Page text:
SINGAPORE: Oil prices dropped in Asian trading hours on Monday as analysts expected weaker demand from China in upcoming months, but firming Japanese economic data offered some support.
Benchmark U.S. crude futures CLc1 had fallen 15 cents from their last settlement to $46.44 per barrel by 0751 GMT, while internationally traded Brent futures LCOc1 were at $49.50 a barrel, down 6 cents.
Monday’s bearish sentiment came after gains made last week following a further decline in the U.S. oil rig count which indicated that domestic crude production could drop in coming months.
But in Asia, the possibility of slowing demand in China dominated trade on Monday, with growth faltering in the world’s No.2 economy.
“As global growth expectations contract further, low prices continue to curb our supply expectations,” Barclays Bank said.
While China has so far avoided a hard landing, activity in China’s manufacturing sector contracted in October for a third straight month, an official survey showed on Sunday, fuelling fears the economy may still be losing momentum in the fourth quarter despite a raft of stimulus measures.
“Weak economic data out of China will likely keep any gains in commodity prices limited,” ANZ said.
Barclays said China’s oil demand growth for September, adjusted for inventories, slowed to 226,500 barrels per day (bpd), or 2.1 percent, compared with the same month last year, much lower than the 6.3-percent gain registered for the first three quarters of the year.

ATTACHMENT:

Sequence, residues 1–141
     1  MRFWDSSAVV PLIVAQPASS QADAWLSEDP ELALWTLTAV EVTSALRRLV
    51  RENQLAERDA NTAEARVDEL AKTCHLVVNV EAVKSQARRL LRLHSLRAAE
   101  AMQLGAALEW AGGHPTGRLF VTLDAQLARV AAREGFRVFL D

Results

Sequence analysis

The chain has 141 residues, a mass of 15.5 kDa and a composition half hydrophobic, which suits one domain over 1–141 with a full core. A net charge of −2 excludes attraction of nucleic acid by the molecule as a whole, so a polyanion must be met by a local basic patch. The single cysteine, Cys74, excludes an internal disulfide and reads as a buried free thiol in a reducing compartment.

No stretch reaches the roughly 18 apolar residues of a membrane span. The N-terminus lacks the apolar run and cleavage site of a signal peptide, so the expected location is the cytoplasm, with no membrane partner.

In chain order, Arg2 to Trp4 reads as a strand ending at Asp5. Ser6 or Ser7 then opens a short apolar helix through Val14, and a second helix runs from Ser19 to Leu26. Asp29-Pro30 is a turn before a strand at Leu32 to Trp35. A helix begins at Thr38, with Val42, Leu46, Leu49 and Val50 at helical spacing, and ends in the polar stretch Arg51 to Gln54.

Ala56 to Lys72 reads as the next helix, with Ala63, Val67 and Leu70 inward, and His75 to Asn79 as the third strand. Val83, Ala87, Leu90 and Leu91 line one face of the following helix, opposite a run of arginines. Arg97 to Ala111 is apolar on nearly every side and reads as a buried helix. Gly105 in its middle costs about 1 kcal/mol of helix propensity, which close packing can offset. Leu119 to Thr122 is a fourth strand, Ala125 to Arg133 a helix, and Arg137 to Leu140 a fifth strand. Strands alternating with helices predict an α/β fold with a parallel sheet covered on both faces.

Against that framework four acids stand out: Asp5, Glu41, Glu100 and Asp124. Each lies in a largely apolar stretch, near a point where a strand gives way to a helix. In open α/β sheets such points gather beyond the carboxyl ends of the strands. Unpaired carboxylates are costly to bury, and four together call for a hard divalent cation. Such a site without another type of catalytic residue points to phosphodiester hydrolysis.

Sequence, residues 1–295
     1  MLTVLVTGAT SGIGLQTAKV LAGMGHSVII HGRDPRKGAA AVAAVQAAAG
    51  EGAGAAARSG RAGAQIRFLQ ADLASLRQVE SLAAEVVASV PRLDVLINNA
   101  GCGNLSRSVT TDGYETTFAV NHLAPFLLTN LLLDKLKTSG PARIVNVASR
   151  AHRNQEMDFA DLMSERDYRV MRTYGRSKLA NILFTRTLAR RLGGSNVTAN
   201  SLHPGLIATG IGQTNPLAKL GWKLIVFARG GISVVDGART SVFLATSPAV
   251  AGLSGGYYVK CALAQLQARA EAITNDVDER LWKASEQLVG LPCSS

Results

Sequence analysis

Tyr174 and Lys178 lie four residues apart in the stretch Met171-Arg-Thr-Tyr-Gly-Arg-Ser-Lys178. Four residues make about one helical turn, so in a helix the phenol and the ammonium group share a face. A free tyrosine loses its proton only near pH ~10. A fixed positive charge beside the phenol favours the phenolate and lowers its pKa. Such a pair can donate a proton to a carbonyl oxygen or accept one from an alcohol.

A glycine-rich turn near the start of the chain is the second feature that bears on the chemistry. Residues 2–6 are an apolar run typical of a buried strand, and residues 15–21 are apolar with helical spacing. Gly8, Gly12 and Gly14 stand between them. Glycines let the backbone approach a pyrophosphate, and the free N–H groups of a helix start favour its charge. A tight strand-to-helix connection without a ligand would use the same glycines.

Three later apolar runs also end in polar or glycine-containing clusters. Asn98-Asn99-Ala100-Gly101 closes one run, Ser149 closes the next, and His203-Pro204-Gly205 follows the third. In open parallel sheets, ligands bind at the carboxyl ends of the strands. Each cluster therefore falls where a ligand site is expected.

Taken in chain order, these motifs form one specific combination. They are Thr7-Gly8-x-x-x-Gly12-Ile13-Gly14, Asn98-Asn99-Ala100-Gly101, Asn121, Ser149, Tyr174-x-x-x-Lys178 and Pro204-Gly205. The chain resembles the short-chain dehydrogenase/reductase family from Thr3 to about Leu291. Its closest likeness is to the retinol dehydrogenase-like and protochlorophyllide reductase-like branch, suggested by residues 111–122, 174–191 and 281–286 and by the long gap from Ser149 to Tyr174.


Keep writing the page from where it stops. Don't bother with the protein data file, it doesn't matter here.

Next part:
“The strong demand data in the first eight months was inconsistent with the observed slowing macroeconomic activity, while the weak number in September better reflected real demand,” the bank said.
Leading economic indicators in other Asian economies were mixed, with South Korea and Taiwan figures pointing to further slowdown, although data improved from Japan, Asia’s second biggest economy and a major oil consumer.
On the supply side, Russian oil output stood at 10.78 million barrels per day (bpd) in October, up from 10.74 million bpd in September, government data showed on Monday.
Analysts said there were also shifts taking place within the markets of different oil products.
“Light tight oil growth is flatlining, while medium and heavy sour supplies look set to stage a comeback next year,” Barclays said.
“Likewise, industrial-led diesel demand growth is ebbing as consumer-led gasoline growth stays strong The magnitude of the changes, the uncertainty with their timing, and the Gorilla El-Nino are likely to give refined product and crude prices a whiplash.”